Earlier this year we did a marketing audit that found BGLH Marketplace has a lot of work to do when it comes to branding. Like how our unofficial tag line ‘Black is Beautiful’ is on all our labels — even though our actual business name, BGLH Marketplace, isn’t. ???????????? As a matter of fact, people often type ‘Black is Beautiful Butters’ into Google to find us.
So, why is Black is Beautiful on all our labels?
Back in 2008 I started a natural hair blog called Black Girl with Long Hair. For those unfamiliar, natural hair is a term black women use to describe hair that isn’t straightened or loosened with heat or chemicals.
I was 23 years old at the time and the blog was part documentation of my own hair journey, part community site for inspiration and advice. The tagline was ‘Black is Beautiful.’
The concept for BGLH Marketplace came from Black Girl with Long Hair. I wanted to create clean, fragrant, chemical-free body butters my readers could use on their hair and skin. I launched BGLH Marketplace in 2014 as a companion to my blog and carried over the name (BGLH is short for Black Girl with Long Hair) and tagline. It didn’t occur to me that BGLH Marketplace could be a standalone brand. But that’s exactly what happened.
In 2018 I permanently shuttered Black Girl with Long Hair to focus on BGLH Marketplace full time, as its customer base continued to grow and become more diverse.
People often ask, “Is anyone offended by the Black is Beautiful on your labels?” If they are, I’ve never heard about it. In the 7 years I’ve had this business no one has sent an email, or posted a comment on social media with any concerns about Black is Beautiful.
*However* increasingly we have potential customers who aren’t black, emailing us confused about whether our products will work for them. We assure them that yes, our body butters provide a deep moisture and healing experience for all skin, no matter the color.
The thing is, I absolutely love our labels.
And it’s too soon to tell when they’ll need to be changed. I mean it’s definitely a problem they don’t have our company name on them ????????????. But right now we have other, more pressing branding issues to work on, so the labels are staying put for now.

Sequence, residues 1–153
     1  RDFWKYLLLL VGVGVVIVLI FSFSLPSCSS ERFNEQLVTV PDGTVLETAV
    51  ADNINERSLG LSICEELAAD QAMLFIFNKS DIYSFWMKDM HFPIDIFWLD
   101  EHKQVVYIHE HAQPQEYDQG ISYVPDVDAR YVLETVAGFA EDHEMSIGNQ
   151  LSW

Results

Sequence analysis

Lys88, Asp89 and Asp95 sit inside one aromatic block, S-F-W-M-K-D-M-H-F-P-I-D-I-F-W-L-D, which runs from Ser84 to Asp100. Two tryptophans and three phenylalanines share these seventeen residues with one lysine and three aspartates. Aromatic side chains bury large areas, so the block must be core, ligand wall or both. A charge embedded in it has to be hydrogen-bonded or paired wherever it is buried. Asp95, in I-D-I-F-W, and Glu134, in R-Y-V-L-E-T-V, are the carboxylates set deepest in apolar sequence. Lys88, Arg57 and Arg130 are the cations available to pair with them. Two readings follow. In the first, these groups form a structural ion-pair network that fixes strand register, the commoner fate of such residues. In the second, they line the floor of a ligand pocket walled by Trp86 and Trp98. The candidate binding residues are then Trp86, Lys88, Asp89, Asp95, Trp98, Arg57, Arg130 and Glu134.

I’ll close off this article with some reviews we’ve gotten from customers who aren’t black, but have come to depend on our products.
“One of my biggest regrets in life is only now using this product. I am Middle Eastern and for the longest time I assumed shea butter was solely used for black hair so I never really considered it. It wasn’t until I was sitting next to one of my friends and I noticed her skin was so soft, and she told me it was from this product. It has been life-changing! I have dry skin and live in a harsh Michigan climate and when I tell you guys this product makes me look so hydrated and supple. I also use it on my face and it provides me wonderful hydration!” — Asma on Vanilla Whipped Shea Butter
Vanilla Whipped Shea ButterFrom: $7.00
“As a 70 year-old European American woman, I have different issues from many of the customers here. That being said, the products are wonderful! The scents are intense and true to what they purport to be… Even though my hair is straight and my scalp is oily, my hair needs oil treatments, especially on the ends. My arms are crepey and these butters work better than creams made for crepe.” — Kathleen on Whipped Butters 2.5 oz Sample Pack
“This Mango Shea butter is amazing for my hair! Especially if you suffer from a dry scalp or dandruff like me ???? I have noticed a significant difference just after my first time use of applying the Mango Shea butter onto my scalp for about 30-60 minutes right before I washed my hair. This will forever be part of my hair washing routine! I shared this with my best friend and she also saw a big difference in her scalp and hair health.” — Jennifer Huang on Mango Shea Blended Butter
Mango Shea Blended ButterFrom: $7.00